The M48 Patton was the main battle tank in the United States in the 1950s and 1960s. The 52-ton colossus was built in over 11,000 copies between 1952 and 1959 and was baptized by fire during the Korean War. It was equipped with the most modern fire control system of its time: a stereo-optical rangefinder supplied the data to a mechanical ballistics computer, which within a few seconds automatically set the cannon barrel to the angle of elevation required for a hit. Under optimal conditions, a well-trained crew was able to stop in just seven seconds from a speed of 40 km / h, lock on the target and fire a shot - with a probability of a first shot kill of 90 percent. The area in Vietnam, where the A3 version of the M48 was used from 1968, was actually extremely unsuitable for classic tank combat. That is why a few M48s were sent to Vietnam very late and only on special request. However, they soon provided excellent service in direct infantry support, in the destruction of bunkers and positions, and in the protection of convoys. The reason for this was their ability to break a swath through even the thickest jungle. Added to this was their enormous cross-country mobility, thick armor and relative resistance to mines. M48 survived mine explosions that would have torn an M113 apart without losing more than the chain and a few wheels. The greatest danger threatened the M48 from shaped charge projectiles, e.g. anti-tank missiles and RPGs (= Rocket Propelled Grenades). The crews therefore attached all kinds of equipment to the outside of the tank, which were supposed to trigger the detonator of such projectiles before they hit the armor and thus weaken their effectiveness. There was only one real tank battle in Vietnam, in the Battle of Bien Het, when M48s met North Vietnamese T-54s. The M48 A3 is powered by a 750 hp AVDS 1790 diesel engine. The tank in the picture above has an infrared spotlight above the cannon for night combat. As with this tank, many crews mounted an additional 12.7mm MG on the outside of the commander's cupola, which had a better field of fire than the gun mounted on the inside.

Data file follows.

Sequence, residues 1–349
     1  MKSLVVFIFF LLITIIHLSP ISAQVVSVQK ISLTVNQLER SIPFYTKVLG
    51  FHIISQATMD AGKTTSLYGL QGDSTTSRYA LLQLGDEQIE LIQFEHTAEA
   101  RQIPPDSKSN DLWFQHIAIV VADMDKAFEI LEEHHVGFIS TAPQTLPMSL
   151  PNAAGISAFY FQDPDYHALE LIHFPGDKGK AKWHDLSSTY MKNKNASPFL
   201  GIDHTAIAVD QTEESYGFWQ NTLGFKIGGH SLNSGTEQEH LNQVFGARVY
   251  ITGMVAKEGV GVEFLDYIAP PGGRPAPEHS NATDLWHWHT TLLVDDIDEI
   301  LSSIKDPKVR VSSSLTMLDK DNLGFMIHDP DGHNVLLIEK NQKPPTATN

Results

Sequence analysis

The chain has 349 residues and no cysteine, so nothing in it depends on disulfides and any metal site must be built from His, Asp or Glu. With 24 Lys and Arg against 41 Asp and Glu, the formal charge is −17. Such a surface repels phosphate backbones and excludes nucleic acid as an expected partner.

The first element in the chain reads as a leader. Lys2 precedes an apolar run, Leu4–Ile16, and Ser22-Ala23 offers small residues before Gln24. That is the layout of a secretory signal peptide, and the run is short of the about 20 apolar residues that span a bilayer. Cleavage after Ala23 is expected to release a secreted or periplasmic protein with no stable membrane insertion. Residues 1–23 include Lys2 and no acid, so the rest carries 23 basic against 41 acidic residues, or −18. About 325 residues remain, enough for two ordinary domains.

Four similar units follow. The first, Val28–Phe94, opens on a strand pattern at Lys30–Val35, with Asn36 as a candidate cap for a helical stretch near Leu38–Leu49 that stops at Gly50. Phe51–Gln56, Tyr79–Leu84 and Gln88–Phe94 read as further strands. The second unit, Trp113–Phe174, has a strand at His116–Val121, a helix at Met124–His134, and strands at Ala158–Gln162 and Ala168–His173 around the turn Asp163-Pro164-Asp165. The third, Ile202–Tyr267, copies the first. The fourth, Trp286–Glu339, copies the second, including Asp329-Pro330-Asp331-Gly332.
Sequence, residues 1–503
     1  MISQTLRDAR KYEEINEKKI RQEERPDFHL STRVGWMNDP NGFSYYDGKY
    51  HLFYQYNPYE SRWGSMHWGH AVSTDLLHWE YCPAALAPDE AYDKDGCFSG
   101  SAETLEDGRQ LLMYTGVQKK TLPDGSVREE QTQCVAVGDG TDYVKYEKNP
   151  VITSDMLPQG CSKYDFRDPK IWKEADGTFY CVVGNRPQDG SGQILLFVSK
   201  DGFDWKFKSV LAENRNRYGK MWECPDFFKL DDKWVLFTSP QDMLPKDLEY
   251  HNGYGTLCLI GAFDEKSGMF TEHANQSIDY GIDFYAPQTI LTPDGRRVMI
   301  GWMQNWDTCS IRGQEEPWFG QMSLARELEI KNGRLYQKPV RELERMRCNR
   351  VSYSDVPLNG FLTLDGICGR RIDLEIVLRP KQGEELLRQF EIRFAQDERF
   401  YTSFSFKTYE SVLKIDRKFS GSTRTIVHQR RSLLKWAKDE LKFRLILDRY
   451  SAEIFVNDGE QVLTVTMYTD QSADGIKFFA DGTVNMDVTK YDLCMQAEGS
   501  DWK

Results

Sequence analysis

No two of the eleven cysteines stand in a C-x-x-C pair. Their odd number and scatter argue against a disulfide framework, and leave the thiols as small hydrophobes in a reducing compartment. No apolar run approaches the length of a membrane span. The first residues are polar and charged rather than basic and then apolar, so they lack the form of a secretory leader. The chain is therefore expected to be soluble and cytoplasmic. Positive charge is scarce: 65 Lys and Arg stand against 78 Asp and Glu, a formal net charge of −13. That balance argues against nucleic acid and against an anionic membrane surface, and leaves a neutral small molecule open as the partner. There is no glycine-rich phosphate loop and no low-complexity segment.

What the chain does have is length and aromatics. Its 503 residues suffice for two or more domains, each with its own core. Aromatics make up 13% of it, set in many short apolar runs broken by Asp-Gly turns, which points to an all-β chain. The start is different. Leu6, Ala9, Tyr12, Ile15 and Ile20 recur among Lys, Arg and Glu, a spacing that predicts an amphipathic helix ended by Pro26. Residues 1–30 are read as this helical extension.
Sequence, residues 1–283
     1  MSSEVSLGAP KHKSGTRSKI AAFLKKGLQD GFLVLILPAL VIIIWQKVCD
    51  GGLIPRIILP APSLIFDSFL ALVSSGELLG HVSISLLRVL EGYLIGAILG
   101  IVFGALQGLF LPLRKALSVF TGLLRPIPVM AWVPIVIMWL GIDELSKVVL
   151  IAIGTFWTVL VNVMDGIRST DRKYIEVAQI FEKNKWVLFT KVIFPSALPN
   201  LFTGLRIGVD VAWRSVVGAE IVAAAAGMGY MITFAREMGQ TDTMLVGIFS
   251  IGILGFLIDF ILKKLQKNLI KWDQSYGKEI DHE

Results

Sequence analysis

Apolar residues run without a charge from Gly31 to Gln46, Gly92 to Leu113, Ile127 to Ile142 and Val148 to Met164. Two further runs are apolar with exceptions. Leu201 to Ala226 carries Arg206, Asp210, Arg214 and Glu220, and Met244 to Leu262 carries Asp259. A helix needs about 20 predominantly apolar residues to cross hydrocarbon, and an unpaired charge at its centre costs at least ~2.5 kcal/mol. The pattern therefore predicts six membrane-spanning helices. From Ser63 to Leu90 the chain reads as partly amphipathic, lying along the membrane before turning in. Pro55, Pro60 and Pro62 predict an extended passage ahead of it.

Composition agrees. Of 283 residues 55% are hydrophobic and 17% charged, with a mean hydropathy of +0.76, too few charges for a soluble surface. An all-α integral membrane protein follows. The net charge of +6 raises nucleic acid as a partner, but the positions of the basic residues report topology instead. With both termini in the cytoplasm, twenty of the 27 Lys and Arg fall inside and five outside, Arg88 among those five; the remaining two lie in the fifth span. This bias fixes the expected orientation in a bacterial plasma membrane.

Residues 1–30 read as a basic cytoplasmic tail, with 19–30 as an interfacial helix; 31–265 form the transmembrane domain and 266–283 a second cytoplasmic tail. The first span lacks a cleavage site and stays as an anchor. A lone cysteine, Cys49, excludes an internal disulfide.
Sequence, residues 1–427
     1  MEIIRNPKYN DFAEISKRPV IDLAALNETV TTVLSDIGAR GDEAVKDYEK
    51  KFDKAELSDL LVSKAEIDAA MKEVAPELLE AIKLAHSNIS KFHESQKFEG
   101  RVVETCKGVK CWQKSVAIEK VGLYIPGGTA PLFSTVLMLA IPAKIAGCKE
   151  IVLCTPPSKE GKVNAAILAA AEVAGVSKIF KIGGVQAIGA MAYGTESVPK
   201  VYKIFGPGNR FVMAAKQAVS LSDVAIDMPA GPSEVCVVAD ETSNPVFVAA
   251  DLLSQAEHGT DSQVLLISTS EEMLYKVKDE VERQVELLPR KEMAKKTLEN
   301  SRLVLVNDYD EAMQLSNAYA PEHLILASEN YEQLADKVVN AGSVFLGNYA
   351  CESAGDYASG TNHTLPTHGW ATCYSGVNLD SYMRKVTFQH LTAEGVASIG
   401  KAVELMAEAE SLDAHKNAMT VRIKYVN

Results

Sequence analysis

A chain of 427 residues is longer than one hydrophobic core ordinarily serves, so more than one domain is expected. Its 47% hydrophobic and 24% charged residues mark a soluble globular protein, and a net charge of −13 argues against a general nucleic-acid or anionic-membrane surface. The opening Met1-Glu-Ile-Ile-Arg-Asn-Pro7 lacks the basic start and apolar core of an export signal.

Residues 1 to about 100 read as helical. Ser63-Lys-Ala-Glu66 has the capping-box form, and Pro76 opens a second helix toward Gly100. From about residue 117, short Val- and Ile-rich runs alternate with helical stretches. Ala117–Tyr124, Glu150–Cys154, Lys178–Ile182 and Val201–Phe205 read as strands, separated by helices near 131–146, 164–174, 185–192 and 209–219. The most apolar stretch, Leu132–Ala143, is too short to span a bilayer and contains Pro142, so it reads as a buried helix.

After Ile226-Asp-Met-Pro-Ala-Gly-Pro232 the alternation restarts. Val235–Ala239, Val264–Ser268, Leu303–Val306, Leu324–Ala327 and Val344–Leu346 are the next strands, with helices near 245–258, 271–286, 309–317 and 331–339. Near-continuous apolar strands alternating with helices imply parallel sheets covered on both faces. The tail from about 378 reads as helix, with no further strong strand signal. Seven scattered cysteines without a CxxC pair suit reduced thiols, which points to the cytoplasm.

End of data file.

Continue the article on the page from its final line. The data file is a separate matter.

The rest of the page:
Crew:

Four men, two in the game

Armament:

One 90mm cannon, one coaxial 7.62mm machine gun and one 12.7mm machine gun in the commander's cupola.

Classification:Main battle tank

 

M551 Sheridan light tank